My neighbors in Endwell, New York, are reasonable people. But last February, when their kids came home from Homer Brink Elementary School with a flyer about a new after-school club, they freaked out. They didn’t know what the After School Satan Club was all about, and they didn’t think Satanism had a place in their local public school.
They weren’t alone. This week in Olathe, Kansas, thousands of citizens signed an online petition to ban a new high school Satan Club, warning that it meant “satanic indoctrination” for their public school.
Both clubs were outreach efforts of the Satanic Temple, an atheist activist group founded in Salem, Massachusetts, in 2013. June Everett, director of the Satanic Temple’s After School Satan Club program, insists the clubs are not teaching children to worship Satan. Their point, rather, is to protest the use of public schools by Christian organizations. The After School Satan Clubs only open in schools that include similar after-school clubs run by conservative evangelical Christian groups. The Satan Clubs, Everett says, promise a “fun, intellectually stimulating, and non-proselytizing alternative to current religious after-school clubs.”
Not everyone has limited their opposition to complaints and petitions. In Iowa, a Christian military vet and failed congressional candidate knocked the head off a statue erected by the Satanic Temple at the state house. Though deputies charged Michael Cassidy with criminal mischief, conservative pundits like Charlie Kirk of Turning Point USA rushed to his defense, pledging $10,000 for legal fees and proclaiming, “We stand with Satan Slayer”
Those outraged about Satan in schools and other public buildings—reasonable and unreasonable alike—are directing their anger in the wrong direction. The people most responsible for allowing Satan into these spaces are not the leaders of the Satanic Temple. They are not even school administrators or heathen Democrats. No, the people most to blame are some of America’s most prominent conservatives—including Supreme Court Justice Clarence Thomas. And protesters’ efforts to block Satanic clubs and displays would, if successful, undermine decades of conservative Christian activism.
So far, despite talk about them in many states, elementary school Satan clubs have been active in only four states: California, Ohio, Connecticut, and Pennsylvania. The proposed club in Kansas—the one that drew thousands of signatures to the petition to “Stop the Satan Worship Club at Olathe Northwest”—was the first to be proposed for a high school.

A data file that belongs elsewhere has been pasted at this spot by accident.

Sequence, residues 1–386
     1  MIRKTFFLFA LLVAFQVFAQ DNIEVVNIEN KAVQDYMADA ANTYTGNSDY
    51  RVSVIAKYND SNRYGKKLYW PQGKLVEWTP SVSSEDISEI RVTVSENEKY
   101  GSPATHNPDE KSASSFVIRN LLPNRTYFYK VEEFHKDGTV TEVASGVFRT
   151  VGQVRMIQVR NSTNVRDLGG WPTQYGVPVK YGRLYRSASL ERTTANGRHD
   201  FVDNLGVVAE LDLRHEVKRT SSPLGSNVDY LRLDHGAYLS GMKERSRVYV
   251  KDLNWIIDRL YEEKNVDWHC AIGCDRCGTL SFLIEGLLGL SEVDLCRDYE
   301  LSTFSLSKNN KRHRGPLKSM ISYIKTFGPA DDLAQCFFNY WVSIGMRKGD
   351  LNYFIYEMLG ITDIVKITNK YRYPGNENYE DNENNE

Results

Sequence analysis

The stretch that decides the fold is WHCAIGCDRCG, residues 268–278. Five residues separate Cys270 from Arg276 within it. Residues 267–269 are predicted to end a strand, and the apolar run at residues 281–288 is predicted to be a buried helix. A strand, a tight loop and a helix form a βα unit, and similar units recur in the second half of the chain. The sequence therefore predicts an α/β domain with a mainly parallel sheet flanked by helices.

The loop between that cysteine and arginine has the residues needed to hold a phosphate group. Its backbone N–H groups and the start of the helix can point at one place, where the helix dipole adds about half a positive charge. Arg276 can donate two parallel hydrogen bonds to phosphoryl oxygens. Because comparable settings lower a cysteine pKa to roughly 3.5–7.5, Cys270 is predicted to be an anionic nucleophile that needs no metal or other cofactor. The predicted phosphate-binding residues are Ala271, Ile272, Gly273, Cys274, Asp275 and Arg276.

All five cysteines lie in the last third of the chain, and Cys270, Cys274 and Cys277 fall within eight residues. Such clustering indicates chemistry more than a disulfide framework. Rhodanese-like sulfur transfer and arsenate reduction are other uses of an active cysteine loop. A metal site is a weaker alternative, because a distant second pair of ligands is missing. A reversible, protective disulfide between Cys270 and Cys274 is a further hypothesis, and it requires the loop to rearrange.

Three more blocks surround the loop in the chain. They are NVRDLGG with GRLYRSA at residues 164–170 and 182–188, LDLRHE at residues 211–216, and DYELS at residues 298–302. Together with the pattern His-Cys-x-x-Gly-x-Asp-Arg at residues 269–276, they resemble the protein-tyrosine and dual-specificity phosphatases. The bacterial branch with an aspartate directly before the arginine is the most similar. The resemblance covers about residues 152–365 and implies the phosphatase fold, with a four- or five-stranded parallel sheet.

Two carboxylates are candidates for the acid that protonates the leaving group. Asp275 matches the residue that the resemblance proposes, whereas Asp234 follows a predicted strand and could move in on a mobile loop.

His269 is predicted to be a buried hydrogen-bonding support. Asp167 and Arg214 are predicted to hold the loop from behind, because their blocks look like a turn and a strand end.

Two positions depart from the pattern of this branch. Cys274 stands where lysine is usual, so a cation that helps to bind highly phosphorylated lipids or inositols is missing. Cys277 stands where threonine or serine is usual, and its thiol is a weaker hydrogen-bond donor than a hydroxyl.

The clubs put school administrators in a tricky position (which is partly the point). In Hellertown, Pennsylvania, the prospect of an After School Satan Club at the local public middle school prompted a phoned-in threat.* Nervous school administrators rescinded approval for the Satan Club to meet. As the superintendent explained, the “chaos” led to “feelings of instability, anxiety and fear.”
Unfortunately for the superintendent, a Satan club has just as much right to use public school facilities as do Christian clubs. The Satanic Temple sued, and the school district eventually settled the case, agreeing to pay the organization $200,000 in legal fees and open up its facilities to a Satan club after all.
The Satanic Temple was on firm legal footing, thanks to the Supreme Court. Back in 2001, the justices heard the case Good News Club v. Milford Central School, about a conservative Christian group that wanted to run an after-school club at the district’s only K-12 school building in central New York. The district had turned down the group’s application, citing state law and district policy against the use of public facilities by religious groups, but the Supreme Court, in a 6–3 decision, ruled in the group’s favor.
Writing for the majority, Thomas concluded that the Constitution’s separation of church and state did not just justify Milford’s violation of the club’s “free speech rights.” “When Milford denied the Good News Club access to the school’s limited public forum on the ground that the Club was religious in nature, it discriminated against the Club because of its religious viewpoint,” he wrote. Thomas’s opinion did not, however, officially endorse the club’s religion, nor suggest that public schools could endorse religion.